Despite the Russian invasion of Ukraine, NASA and Roscosmos have managed to continue cooperating on flights to and from the International Space Station.
The launching of NASA astronauts on SpaceX rockets has become routinely commonplace, but a Russian astronaut has yet to travel aboard the company’s Crew Dragon capsule.
That will change on Wednesday when the Crew-5 mission takes four astronauts to the International Space Station for a half-year stay. Here’s what you need to know about the launch.
Launch is at noon Eastern time on Wednesday from Kennedy Space Center in Florida.
NASA Television will start its coverage at 8:30 a.m. and will continue livestreaming the mission through docking at the space station at 4:57 p.m. Thursday and the welcome ceremony that follows. You can watch the video in the player embedded above.
Only two of the four astronauts on this flight work for NASA: Nicole Mann, the mission commander, and John Cassada, the pilot. The other two are Koichi Wakata, of Japan, and Anna Kikina, of Russia.
Earlier in the International Space Station program, Russian astronauts regularly flew on the space shuttles, and NASA astronauts flew on Russian Soyuz rockets. After the retirement of the space shuttles in 2011, the Soyuz was the only transportation available for taking astronauts to and from the space station.
When SpaceX’s Crew Dragon became operational in 2021, NASA no longer needed to fly its astronauts on the Soyuz but still wanted to be able to use it. And the space agency wanted Russian astronauts to get rides in the Crew Dragon (as well as in a second American capsule, Boeing’s Starliner, which may become operational next year).
That is to help ensure smooth operations of the space station, which is divided into two segments: one led by Russia and one by NASA and its partners.
“Flying integrated crews ensures there are appropriately trained crew members on board the station for essential maintenance and spacewalks,” NASA said in a statement in July when Ms. Kikina was announced as a member of the Crew-5 mission.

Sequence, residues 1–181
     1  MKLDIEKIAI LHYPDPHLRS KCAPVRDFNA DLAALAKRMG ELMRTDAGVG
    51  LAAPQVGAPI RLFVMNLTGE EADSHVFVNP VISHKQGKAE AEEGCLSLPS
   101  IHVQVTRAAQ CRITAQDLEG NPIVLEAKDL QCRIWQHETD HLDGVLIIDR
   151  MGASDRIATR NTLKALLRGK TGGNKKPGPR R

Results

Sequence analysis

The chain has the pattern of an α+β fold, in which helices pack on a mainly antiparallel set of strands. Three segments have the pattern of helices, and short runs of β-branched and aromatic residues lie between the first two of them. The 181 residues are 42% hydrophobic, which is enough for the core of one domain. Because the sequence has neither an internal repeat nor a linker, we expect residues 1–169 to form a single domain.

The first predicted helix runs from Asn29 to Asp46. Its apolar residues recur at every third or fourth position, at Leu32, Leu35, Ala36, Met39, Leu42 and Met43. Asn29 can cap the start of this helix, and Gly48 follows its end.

The worry is that some kind of emergency — a serious health issue with a crew member, for example — could lead to an early return to Earth. All of the crew members on the spacecraft would have to return to Earth too. (Otherwise, there would not be enough seats on the remaining spacecraft.) If all the Russians had arrived on the Russian Soyuz, then that would leave the Russian segment of the space station untended.
As part of the crew exchanges, a NASA astronaut, Frank Rubio, launched with two Russian astronauts on a Soyuz rocket to the space station last month.
“This type of exchange will increase the robustness of our program,” said Sergei Krikalev, executive director for the human spaceflight programs at Roscosmos, the Russian space agency, during a news conference on Monday. “And we will continue this practice to make our program more reliable.”
Ms. Kikina, 38, is the only woman currently in the Russian astronaut corps. She had been training for a Soyuz flight but was transferred to the SpaceX mission when the agreement between NASA and Russian space agency was completed. This is her first flight to space.
Ms. Mann and Mr. Cassada are also first-time fliers to orbit. Mr. Wakata is, by contrast, a space veteran, with four previous missions, including two stays at the International Space Station.
Ms. Mann, as a member of the Wailacki of the Round Valley Indian Tribes in Northern California, will be the first Indigenous woman from NASA to go to orbit.
Source: New York Times